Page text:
Effects of personality traits and sociocognitive determinants on risky riding behaviors among Chinese e-bikers
Objective: In the last few decades, the growing popularity of e-bikes in China has raised public concerns regarding an increasing number of fatalities and injuries involving e-bikes. Although previous studies have explored the impacts of personality on driving behaviors of automobile drivers and motorcyclists, little attention has been paid to safety-related issues involving e-bikers from the aspect of their personality traits and sociocognitive variables. The aim of this study was to examine the effects of personality on e-bikers’ risk-taking behaviors and test the effectiveness of the model proposed by Ulleberg and Rundmo (2003) among e-bikers.
Methods: Four hundred and five Chinese e-bikers aged 16 to 61 completed a self-administrated questionnaire, which included questions investigating their demographics, personality traits (anger, altruism, sensation-seeking, normlessness), risk perceptions, safety attitudes, and risky riding behaviors. The reliability and validity of all scales were first examined through reliability analysis and principal component analysis, respectively, and a structural equation model was developed and fitted to test the relationships among e-bikers’ personality traits, risk perceptions, safety attitudes, and risky riding.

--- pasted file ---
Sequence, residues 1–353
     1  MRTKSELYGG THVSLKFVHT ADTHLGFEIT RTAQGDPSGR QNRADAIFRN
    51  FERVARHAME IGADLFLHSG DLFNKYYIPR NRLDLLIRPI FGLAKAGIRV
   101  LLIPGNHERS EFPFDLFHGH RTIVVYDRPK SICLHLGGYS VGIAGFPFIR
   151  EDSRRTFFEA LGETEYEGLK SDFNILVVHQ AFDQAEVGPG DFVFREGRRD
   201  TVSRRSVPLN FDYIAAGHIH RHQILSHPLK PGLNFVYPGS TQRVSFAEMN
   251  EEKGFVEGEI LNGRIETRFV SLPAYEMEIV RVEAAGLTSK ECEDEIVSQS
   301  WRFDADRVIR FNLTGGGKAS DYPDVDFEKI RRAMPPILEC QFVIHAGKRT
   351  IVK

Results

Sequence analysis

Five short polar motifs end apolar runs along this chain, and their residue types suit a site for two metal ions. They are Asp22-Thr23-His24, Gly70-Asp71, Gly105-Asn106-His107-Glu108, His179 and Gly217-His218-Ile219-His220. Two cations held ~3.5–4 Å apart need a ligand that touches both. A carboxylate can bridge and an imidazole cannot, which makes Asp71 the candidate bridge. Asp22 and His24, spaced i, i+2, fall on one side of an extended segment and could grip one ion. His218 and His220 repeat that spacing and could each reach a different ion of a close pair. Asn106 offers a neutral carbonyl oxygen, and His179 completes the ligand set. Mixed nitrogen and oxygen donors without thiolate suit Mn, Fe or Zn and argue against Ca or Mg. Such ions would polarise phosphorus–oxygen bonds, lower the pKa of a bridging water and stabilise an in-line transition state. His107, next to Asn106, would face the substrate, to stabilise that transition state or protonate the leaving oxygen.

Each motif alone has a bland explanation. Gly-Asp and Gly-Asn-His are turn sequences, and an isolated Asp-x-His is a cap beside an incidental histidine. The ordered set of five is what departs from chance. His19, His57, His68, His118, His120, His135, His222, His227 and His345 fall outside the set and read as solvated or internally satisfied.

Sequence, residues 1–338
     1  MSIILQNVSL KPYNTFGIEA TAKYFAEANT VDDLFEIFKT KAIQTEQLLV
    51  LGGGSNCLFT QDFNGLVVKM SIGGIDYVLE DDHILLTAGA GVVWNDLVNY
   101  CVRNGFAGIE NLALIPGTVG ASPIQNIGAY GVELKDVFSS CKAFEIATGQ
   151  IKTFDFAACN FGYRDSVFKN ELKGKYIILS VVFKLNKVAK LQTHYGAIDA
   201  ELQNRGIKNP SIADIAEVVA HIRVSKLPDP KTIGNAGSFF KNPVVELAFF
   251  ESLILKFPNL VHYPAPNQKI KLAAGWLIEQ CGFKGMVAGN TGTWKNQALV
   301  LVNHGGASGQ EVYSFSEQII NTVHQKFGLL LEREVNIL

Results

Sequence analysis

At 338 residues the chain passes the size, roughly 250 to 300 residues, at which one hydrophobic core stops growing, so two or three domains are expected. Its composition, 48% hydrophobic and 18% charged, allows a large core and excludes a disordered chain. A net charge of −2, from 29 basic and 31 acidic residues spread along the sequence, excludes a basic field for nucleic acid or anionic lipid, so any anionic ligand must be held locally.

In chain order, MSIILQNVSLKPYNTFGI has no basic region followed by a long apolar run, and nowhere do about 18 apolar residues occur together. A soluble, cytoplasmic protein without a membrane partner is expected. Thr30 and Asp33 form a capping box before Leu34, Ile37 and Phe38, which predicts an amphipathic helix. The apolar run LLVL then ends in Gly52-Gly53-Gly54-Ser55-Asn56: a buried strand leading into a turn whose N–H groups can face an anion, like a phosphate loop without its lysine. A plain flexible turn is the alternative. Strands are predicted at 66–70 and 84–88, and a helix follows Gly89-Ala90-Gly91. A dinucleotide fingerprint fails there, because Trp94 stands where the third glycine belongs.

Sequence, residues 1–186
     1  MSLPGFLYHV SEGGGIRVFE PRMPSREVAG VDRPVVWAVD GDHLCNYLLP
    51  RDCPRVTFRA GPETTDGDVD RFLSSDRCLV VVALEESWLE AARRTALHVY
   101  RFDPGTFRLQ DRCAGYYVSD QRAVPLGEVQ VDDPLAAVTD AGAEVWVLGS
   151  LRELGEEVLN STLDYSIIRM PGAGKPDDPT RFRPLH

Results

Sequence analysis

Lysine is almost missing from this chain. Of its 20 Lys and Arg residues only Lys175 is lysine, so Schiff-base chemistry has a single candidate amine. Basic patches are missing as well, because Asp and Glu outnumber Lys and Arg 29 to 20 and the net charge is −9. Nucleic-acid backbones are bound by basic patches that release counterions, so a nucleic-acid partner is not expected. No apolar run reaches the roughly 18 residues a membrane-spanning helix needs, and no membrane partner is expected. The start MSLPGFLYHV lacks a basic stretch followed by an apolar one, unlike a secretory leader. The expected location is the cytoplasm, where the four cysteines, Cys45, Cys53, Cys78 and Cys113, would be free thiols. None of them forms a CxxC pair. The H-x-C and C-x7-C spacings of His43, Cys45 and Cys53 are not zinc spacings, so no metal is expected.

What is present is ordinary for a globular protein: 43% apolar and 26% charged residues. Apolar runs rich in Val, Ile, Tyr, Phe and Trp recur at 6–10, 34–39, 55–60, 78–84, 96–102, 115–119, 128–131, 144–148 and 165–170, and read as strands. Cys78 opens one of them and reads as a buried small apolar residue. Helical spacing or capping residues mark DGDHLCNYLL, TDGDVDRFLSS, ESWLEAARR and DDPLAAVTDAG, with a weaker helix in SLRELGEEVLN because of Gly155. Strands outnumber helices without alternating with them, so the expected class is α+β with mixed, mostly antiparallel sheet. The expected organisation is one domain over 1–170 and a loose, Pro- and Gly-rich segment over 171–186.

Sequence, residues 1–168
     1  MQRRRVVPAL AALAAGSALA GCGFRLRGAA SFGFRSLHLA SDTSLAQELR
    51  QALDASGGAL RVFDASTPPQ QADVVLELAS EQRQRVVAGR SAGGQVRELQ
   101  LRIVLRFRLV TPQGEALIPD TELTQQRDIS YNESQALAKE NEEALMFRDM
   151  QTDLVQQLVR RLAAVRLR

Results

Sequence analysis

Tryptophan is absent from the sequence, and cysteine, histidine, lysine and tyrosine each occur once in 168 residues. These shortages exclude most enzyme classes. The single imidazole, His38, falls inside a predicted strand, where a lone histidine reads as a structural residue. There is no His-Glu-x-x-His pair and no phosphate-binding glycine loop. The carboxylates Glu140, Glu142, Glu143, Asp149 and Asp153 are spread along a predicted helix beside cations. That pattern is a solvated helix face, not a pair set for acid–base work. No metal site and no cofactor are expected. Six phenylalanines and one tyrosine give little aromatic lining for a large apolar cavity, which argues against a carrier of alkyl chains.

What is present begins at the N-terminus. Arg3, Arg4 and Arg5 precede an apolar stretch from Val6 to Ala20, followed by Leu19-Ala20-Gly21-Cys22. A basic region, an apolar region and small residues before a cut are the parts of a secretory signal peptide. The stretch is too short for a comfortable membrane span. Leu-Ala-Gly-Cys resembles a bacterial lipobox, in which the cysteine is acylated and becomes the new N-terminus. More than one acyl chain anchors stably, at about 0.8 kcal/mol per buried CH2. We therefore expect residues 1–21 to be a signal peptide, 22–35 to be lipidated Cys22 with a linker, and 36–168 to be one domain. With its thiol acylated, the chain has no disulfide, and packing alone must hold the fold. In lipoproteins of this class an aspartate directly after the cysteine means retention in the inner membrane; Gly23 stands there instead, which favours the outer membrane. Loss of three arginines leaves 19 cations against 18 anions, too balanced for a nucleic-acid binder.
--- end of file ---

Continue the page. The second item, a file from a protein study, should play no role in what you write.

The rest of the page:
Results: A satisfactory level of reliability and validity was reached for all variables. Anger, altruism, sensation-seeking, and normlessness were all significantly related to e-bikers’ risk perceptions and unsafe riding, and only altruism correlated significantly to safety attitude. For 2 sociocognitive variables, safety attitudes was directly and negatively related to respondents’ risky riding, and risk perception only exerted impacts on riding behaviors by affecting safety attitudes.
Conclusions: Personality traits of e-bikers impacted their riding behaviors both directly and indirectly, and sociocognitive variables played an intermediate role in the personality–behavior relationship. The results revealed the importance of personality traits in influencing e-bikers’ risky riding and also verified the applicability of the personality–behavior model proposed by Ulleberg and Rundmo (2003) among e-bikers. The findings of this study may provide an empirical basis for evidence-based safety interventions for e-bikers in China.